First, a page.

oppn parties Karnataka Elections: Final Assessment

News Snippets

  • Supreme Court holds hotels liable for theft of vehicle from their parking area if parked by valet, says "owner's risk" clause is not a shield from such liability
  • Finance Minister says she is receiving feedback from many sectors that recovery is happening as there is lower stress
  • Sabarimala temple opens, but police bar the entry of women below 50 years
  • Finance Minister Nirmala Sitharaman says Air India and BPCL to be sold off by March
  • Media person Rajat Sharma resigns as DDCA president
  • Shiv Sena, NCP and Congress postpone meeting the governor of Maharashtra
  • Shiv Sena not to attend the NDA meeting on 17th November, says break up "a formality"
  • Shiv Sena says that the confidence the BJP is showing about forming the government in Maharashtra is based purely on its expectation of getting numbers through horse trading
  • Anil Ambani resigns as director of the bankrupt Reliance Communications
  • India beat Bangladesh by an innings and 150 rums inside three days in the first Test. Indian pacers excel after Mayank Agarwal's double century
  • Sena-NCP-Congress work out a common minimum programme, will form the government soon and it will last 5 years, says Sharad Pawar
  • Income Tax Appellate Tribunal upholds the decision to withdraw the charitable status of Young India, making it liable to pay Rs 145 in income tax. Rahul Gandhi and Priyanka Vadra are the majority shareholders in the company
  • CBI raids offices of Amnesty International across India
  • Supreme Court quashes NCLAT order against Arcelor Mittal and paves the way for the company to take over ailing Essar Steel
  • Finance Minister Nirmala Sitharaman says concerns of telcos will be addressed and no company will close down
Supreme Court dismisses plea for review in Rafale case, says no need for roving inquiry, maintains clean chit to government
oppn parties
Karnataka Elections: Final Assessment

By Sunil Garodia

About the Author

Sunil Garodia Editor-in-Chief of indiacommentary.com. Current Affairs analyst and political commentator. Writes for a number of publications.
With campaigning over, it seems none of the parties or personalities have managed to ignite a spark in the Karnataka elections despite the acrimonious tone of the campaign. This election will go down as the most ‘wave-less’ election ever in recent memory. If there is anti-incumbency against the Congress and Siddaramaiah, it is not overtly visible and neither does it seem that the BJP has majorly capitalized on it. It is also not immediately visible whether PM Modi’s campaigning blitz has swayed a sizeable number of voters towards the BJP. Neither is it visible whether the JD(S) has managed to influence voters with its talk of non-Congress, non-BJP government. With the Lingayats divided over how granting of minority status will benefit the community, it is also not clear which way their votes will go. An added element of mystery was introduced after fake voter cards were discovered in large numbers in the state. Further, it was reported that parties, especially the BJP, was ‘buying’ voters for not voting, something that has never been seen before. Hence, for all analytical purposes, it seems that Karnataka is headed for a hung assembly, as predicted by most opinion polls till now, with a plus-minus variation of 5%.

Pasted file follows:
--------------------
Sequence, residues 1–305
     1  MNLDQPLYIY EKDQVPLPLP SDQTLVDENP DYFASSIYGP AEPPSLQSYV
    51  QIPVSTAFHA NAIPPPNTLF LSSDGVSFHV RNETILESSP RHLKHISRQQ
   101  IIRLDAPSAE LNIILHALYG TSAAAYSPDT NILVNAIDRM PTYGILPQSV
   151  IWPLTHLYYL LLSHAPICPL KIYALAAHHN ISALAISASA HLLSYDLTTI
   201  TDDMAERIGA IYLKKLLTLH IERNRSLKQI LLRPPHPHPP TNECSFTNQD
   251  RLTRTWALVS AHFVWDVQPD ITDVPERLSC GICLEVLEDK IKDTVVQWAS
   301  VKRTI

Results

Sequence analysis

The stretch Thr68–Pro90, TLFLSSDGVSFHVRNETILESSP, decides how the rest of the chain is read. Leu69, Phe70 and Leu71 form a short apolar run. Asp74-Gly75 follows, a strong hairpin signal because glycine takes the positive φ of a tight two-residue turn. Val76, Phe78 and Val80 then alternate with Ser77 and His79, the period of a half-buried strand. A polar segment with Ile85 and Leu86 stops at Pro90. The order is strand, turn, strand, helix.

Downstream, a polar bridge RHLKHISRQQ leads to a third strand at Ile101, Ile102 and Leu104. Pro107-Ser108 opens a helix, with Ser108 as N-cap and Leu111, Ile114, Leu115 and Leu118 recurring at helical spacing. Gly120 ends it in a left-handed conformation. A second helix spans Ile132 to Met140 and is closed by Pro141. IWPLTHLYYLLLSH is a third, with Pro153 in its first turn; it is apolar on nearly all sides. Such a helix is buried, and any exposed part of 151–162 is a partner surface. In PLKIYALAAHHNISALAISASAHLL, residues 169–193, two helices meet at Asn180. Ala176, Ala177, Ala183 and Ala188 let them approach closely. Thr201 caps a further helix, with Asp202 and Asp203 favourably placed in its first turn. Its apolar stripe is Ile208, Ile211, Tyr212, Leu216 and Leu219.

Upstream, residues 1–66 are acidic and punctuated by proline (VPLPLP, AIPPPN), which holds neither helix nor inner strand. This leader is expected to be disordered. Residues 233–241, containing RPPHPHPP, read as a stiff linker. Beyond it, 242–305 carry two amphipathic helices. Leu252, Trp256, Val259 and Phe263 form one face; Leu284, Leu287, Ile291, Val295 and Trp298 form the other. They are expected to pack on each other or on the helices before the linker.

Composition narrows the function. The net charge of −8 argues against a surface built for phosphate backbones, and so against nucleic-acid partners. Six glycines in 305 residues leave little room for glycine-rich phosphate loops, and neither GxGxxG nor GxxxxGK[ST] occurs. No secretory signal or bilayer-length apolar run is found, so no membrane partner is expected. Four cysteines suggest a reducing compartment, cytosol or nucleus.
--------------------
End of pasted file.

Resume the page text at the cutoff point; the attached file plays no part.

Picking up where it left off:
The stakes are high for all parties. The Congress desperately needs to retain the biggest state it still rules, more so when it means that it will prevent the BJP from expanding its footprint in the south. This is evident from the fact that the party even pressed the ailing Sonia Gandhi to campaign and former PM Manmohan Singh was made to issue scathing criticisms of PM Modi’s choice of words during the campaign and failure of his government at the Centre on two successive days, apart from the time and effort Rahul Gandhi put in the campaign. The BJP knows that Karnataka is the only state in the south where it has the best chance of forming the government, either on its own or in alliance with the JD(S). Hence, it has pulled out all the stops and has poured in money, mobilized workers and has carried out a high-octane campaign with Modi pitching in for many days at the end. The JD(S) knows that it has little chance of forming the government on its own, but it also knows that the way things are going, it will be the kingmaker. Hence, the party is working hard to retain its loyal vote bank and win as many seats as it can so that it can bargain hard with the suitor.

It needs reminding that Siddaramaiah was a Deve Gowda protégé and a JD(S) leader before he left the party to join the Congress in 2006. Hence, a natural enmity can be said to exist between him and Deve Gowda. Still, politics has often thrown up strange bedfellows and it will not be a surprise if they join hands. It all depends on which party manages to emerge on the top and what is the difference in seats between the top two. If the BJP manages to get nearly the same seats that the Congress gets, it is most likely that JD(S) will gravitate towards the party. On the other hand, a JD(S)-Congress alliance is more likely if the Congress gets, say, 100 seats to BJP’s 70 and the JD(S) manages to get 40-50 seats. The only thing that will perhaps prevent the JD(S) from allying with the BJP, despite the mutual admiration society PM Modi and Deve Gowda seem to have formed, is the fact that H D Kumaraswamy, Deve Gowda’s son, will be wary of the party since he burnt his fingers badly when he allied with it in 2004.But Deve Gowda is likely to prevail upon his son to forget the past in the larger interests of the party if the situation demands. So if the Congress does not get more than 95 seats, it is most likely that the BJP-JD(S) combination will form the next government in Karnataka.